Old-Time Pharmaceuticals’ Roots & Honey is a really hip audio textbook of folk songwriting. The band cite Pete Seeger, Carter Family, The Clancy Brothers (more about whom later!), and Stan Rogers (he of ‘Forty-Five Years’, ‘Barrett’s Privateers’, ‘Northwest Passage’, and ‘Lies’, fame!) as influences. Sure. This one hits that arched triple twenty sweet spot on any pub wall dartboard.
‘The Rose Of Ben Nishaere’ begins with a contemplative harp, and then it opens its melodic arms to the same spirit that graced Silly Wizard’s Andy M. Stewart’s ‘Valley Of Strathmore’. And it also conjures the beauty of Clannad’s ‘Sally Gardens’. Not to make the writer and Old-Time guitarist and singer Pat De Simio blush, but the tune won an award in the Great American Song Contest. Quite frankly, I was hard-pressed not to assume it to be one of the many traditional/arranged by songs so often found on folk records. It’s that good.
In total contrast, ‘Ramblin’ After Rain’ bounces with the joy of Pete Seeger’s ‘Sailing Down This Golden River’, sung by Woody’s son Arlo on his brilliant album, Outlasting The Blues. Yes, indeed, “Sun and water” are surely “old life givers”. Sometimes, folk music rhymes with a good life, just Like Paul Simon’s ‘59th Street Bridge Song (Feelin’ Groovy)’. The same is true for the Chicago blues voiced ‘Midnight Train’ (with clarinet!) which sings (Thank you, Abby Nayra and her incredible voice!) with a prohibitionist’s clever melodic thirst. And, folk music, just like life itself, should always be filled with a banjo bounced tune.
Now, ‘Weigh Haul Away’ really simmers because it recalls the deep referential songwriting of Chris Simpson and his Magna Carta band, circa Lord Of The Ages. This is patient music, with intensity in its soft melody, recorder halo, and Abby’s backing vocals that recall the multi-octave voiced Glen Stuart. That’s big praise.
There are two quasi-religious songs. ‘In The Dark Missouri’s Mud’ confesses humanity’s frailty. Nothing didactic here: Remember Ralph McTell sang, ‘Father Forgive Them’. Ditto for ‘Row Me Over Jordan’. Pat DeSimio is an academic song smith who, like John Fogerty , Stan Rogers, and Jack White, consumes a certain style, tinkers in the engine room, and then produces a worthy addition to that genre. These religious songs use the given template and speak with a clarion call, that is, to cast out demon hubris and wash in hopeful forgiveness.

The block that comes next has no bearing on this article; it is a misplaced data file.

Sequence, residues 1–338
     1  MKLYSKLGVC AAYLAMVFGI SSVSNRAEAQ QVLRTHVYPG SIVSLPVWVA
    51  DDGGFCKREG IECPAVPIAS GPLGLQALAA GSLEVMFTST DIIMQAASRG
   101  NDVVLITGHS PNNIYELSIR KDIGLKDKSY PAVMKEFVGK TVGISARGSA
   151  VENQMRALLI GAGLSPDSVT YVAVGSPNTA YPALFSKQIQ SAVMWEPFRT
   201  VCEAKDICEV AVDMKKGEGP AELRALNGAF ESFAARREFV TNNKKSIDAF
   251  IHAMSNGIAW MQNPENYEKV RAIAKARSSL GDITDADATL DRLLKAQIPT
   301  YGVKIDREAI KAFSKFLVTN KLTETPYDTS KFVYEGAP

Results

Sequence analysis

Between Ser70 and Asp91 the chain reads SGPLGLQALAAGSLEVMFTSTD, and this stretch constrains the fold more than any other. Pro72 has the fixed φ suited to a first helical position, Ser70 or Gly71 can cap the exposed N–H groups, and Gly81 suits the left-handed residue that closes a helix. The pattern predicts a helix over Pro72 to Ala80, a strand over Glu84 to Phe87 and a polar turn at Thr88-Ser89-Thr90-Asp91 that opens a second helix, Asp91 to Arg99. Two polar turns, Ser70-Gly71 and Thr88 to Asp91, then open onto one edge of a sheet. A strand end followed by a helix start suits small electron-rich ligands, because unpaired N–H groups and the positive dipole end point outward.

The same is true for ‘Captain Robert Smalls’, an historically based tale of a slave who, in the midst of our Civil War, commandeered the Confederate ship CSS Planter, sailed it into union hands, became a sea captain and, sometime later, an elected Republican House of Representatives from the state of South Carolina. (Wow!) It is a marvelous and important bit of history. The song does touch the greatness of a Stan Rogers song. My only complaint is that the brisk tenor of the tune, perhaps, belies its important historical importance. Now, for those who care (and to get British folk music esoteric!), Pat’s vocals recall the beauty of Amazing Blondel’s John David Gladwin. Again, that’s high (if, as stated esoteric!) praise.
Quiet please: ‘Joan And Victor Jara’ is a beauteous song from the point of view of Victor’s wife. There’s an echo of ‘Where Have All The Flowers Gone’. But the song retells the tragic pathos of America’s intervention into Chile’s Democratic Socialistic politics. There’s lots of blood on familiar hands. Arlo Guthrie detailed the drama of the tragedy; this song touches the heart of his lover’s own infinite song. My friend, Kilda Defut says of Abby’s double tracked vocals, (and she reserves this comment for the very best of music), “This song can make a teardrop cry”.
Now, about those Clancy Brothers. True confession: I’m not a big fan. But they did inject a vitality into folk music, which was a cornerstone to the popularity of acoustic music that blossomed into Dave Van Ronk, Bob Dylan, Phil Ochs, and British guys like Bert Jansch, and (heaven forbid!) Roy Harper. But let me tell you, my heart certainly softened to those Aran jumper clad Clancy folk-meisters when I learned in Colin Irwin’s book, In Search Of The Craic, that they were offered “a million dollar advance for the franchise of an American company to manufacture Aran jumpers in their name”. They said no because they didn’t want “to turn on the people of Connemara and Kerry who made these things”. Liam Clancy simply said, “We just couldn’t do it, it wouldn’t have been right. And I am very proud that we didn’t do it”.
Wow (again)! I think this pure and righteous spirit permeates this record’s honeyed roots. Pat DeSimio’s tunes are composed with the same stuff as Al Stewart’s declaration in ‘Post World War II Blues’, that “Songs and poems were all you needed”. That’s a really lovely déjà vu thought.
The final songs complete a soft landing. ‘The Peteport Fisher’ is jaunty and melodic. ‘Who’s The One’ is a rush toward the folk finish line that is propelled by an urgent vocal, mandolin, fiddle, and banjo. And then, ‘Lullaby Of The Sky’ gently tucks the record into a warm and beautiful featherbed. This may be the most obvious tune of the album, but it is certainly a parachuted beauty.
You know, sometimes the humidity of the world takes its toll. But Roots & Honey somehow fans the sweat with great songwriting, sublime harmonies, and an absolute belief in the melodic beauty of those homemade (and always popular) folk music Aran jumpers—sweaters that defy greed and will sing, forever and a day, the charm of a well-written song because, as Abby sings within the infinite folk and Old-Time Pharmaceuticals “We shall overcome” clarity, that “Death is not” and will never be, our “defeat”.
Artists’ website: https://oldtimepharmaceuticals.com/
‘Captain Robert Smalls’: